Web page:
What Do The Wolf Memo And The Edlow Memo Say?
The Wolf memo and the Edlow memo both deal with DACA. In addition to saying the administration is not going to accept any new DACA applications, the memos also limited approvals for DACA applications from two years, per President Obama’s original DACA order, to one year. These memos essentially limited who can apply under the program after it was taken away by the administration two years ago.
The Trump administration wrote these memos while losing their case in the Supreme Court, which ruled that the government actually put away DACA in violation of the due process rights of the petitioners (the organizations that sued on behalf of the people). Specifically, the Supreme Court said that the government did have the right to end DACA but, in doing so, had violated the procedures under the Administrative Procedures Act (APA). To this day, however, the government is not actually abiding by that Supreme Court decision.
As an interesting aside, a New York judge ruled this month that U.S. Department of Homeland Security (DHS) Acting Secretary Chad Wolf was not appointed to be the head of USCIS in the proper way. Under the Federal Succession Act, memos signed by someone in an acting capacity at DHS are actually illegal. That means no one has to follow the Wolf Memo.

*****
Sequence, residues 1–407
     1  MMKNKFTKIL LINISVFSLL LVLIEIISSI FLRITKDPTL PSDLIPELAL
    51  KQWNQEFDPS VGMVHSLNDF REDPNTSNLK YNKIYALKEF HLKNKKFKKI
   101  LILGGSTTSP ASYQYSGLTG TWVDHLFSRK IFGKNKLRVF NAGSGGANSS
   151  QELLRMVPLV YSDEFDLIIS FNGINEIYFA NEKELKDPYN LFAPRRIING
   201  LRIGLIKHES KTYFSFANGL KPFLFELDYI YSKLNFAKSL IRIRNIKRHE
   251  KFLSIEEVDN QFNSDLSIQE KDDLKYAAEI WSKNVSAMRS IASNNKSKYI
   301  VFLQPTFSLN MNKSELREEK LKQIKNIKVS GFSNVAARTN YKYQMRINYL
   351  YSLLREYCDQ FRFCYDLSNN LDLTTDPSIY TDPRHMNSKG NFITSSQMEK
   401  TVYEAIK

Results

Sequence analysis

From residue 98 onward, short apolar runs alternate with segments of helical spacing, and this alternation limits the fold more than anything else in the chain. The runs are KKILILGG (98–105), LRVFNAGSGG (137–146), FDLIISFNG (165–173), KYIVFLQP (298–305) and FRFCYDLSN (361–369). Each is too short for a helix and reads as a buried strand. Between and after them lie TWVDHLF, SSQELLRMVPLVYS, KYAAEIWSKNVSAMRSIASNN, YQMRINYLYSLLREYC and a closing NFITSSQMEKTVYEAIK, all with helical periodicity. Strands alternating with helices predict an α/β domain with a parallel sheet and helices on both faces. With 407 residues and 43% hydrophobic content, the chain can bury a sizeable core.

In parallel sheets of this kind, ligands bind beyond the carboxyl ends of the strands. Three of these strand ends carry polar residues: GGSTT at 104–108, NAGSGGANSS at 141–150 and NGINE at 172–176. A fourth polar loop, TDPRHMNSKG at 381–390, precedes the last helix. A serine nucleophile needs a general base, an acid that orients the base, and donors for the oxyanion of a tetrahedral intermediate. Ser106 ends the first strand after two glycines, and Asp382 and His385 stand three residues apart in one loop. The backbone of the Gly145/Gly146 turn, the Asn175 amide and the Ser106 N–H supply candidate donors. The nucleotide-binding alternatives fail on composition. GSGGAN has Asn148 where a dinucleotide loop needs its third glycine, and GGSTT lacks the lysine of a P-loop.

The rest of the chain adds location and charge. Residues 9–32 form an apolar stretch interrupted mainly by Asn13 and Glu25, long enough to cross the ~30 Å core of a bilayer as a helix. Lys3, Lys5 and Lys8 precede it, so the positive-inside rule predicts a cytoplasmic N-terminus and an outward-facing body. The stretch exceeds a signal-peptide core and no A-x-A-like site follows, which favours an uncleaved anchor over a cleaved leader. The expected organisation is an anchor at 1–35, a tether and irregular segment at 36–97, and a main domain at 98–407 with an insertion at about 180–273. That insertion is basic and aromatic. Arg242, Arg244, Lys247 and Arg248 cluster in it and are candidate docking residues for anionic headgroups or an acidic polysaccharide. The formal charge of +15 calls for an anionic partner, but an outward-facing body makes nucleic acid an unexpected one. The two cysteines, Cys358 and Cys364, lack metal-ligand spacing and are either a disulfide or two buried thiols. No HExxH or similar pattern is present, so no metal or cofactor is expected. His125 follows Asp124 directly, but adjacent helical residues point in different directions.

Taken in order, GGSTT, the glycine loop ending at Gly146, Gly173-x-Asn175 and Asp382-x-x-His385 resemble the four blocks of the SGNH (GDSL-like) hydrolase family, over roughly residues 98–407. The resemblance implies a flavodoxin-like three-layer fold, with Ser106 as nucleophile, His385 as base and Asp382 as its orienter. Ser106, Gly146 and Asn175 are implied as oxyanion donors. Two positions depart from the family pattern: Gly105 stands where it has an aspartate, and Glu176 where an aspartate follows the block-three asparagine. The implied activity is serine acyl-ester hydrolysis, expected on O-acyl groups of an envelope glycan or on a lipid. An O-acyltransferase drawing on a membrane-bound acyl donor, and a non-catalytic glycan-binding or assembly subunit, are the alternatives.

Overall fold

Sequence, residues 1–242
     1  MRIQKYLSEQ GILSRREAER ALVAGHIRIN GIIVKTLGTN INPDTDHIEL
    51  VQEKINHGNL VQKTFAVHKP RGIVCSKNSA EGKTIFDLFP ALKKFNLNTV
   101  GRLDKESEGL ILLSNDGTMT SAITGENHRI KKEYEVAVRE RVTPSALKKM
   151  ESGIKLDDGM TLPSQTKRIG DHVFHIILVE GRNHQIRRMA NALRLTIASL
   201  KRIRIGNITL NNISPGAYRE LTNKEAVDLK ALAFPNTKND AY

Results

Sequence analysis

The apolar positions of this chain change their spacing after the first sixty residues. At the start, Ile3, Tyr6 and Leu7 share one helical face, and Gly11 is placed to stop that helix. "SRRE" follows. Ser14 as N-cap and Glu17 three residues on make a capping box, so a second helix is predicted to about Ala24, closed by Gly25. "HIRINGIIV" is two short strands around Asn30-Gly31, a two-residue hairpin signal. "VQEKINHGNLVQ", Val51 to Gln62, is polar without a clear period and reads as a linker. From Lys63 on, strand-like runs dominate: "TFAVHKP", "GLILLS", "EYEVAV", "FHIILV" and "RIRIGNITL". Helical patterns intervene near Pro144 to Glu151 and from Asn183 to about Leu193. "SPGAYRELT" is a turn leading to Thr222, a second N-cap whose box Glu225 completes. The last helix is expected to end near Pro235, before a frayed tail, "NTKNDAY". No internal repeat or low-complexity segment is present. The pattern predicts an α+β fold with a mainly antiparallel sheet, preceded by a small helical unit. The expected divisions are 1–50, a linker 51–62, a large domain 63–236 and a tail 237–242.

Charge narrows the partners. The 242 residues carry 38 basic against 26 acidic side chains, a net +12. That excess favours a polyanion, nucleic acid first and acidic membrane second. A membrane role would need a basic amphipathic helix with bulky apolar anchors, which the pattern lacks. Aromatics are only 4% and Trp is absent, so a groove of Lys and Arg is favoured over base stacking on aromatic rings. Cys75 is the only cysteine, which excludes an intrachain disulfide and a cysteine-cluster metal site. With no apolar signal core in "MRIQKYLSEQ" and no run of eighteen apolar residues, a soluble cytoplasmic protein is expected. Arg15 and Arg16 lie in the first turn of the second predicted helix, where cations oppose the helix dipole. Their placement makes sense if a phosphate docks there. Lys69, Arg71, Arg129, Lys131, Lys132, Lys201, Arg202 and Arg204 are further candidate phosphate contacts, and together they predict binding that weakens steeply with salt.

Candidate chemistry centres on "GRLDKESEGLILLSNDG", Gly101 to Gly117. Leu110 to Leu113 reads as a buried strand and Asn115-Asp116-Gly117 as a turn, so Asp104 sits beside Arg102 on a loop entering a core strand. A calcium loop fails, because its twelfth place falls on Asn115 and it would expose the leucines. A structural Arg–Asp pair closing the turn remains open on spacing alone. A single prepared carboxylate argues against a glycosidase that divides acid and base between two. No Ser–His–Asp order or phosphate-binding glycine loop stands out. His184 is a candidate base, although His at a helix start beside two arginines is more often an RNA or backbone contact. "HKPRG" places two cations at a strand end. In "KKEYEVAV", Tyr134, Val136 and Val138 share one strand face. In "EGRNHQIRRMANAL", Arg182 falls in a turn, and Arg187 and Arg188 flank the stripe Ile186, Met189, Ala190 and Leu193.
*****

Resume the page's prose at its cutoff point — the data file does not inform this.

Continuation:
I predict that in the first month of the Biden administration he will sign an administrative order to extend the DACA program. While it’s uncertain if he’ll have a DAPA program for the parents, he has promised to send DACA to Congress to get it passed in order to return their citizenship.
What Is the Current Status of DACA? What Changes Do You Expect to See Under the Biden Administration?
DACA is currently in a state of flux, due to the Supreme Court ruling that Trump had the power to take it away but that he didn’t follow the Administrative Procedures Act, which applicants had relied on for years, in doing so. By ruling that it is within President Trump’s power to take the program away, the Supreme court also tacitly ruled that President Obama did actually have the power to enact the DACA program in the first place. This helps DACA recipients by giving them the argument that DACA is a legal program. USCIS responded by saying they were not going to abide by the Supreme Court ruling because it was not final (due to the Supreme Court sending it back to the lower court), even though they technically should be following the ruling.
Once the Biden administration comes in on January 21st, he and Kamala Harris will sign an executive order to extend DACA. I’ve added links about this and other potential immigration reform on my website, which you can view by going to 2021immigrationreform.com.
How Has COVID-19 Impacted the DACA Recipients?
DACA recipients have been impacted in two major ways. The first is that thousands of DACA recipients are working on the frontlines of the pandemic as doctors and nurses. Many doctors are actually here on DACA or (J) visas. In September, USCIS announced they would close a lot of their offices due to financial strain during the pandemic. That means that the processing times have been significantly prolonged, which is the second major impact of COVID on DACA recipients. While the delay in processing affects every immigrant, it especially affects DACA recipients because they can lose their work permits.
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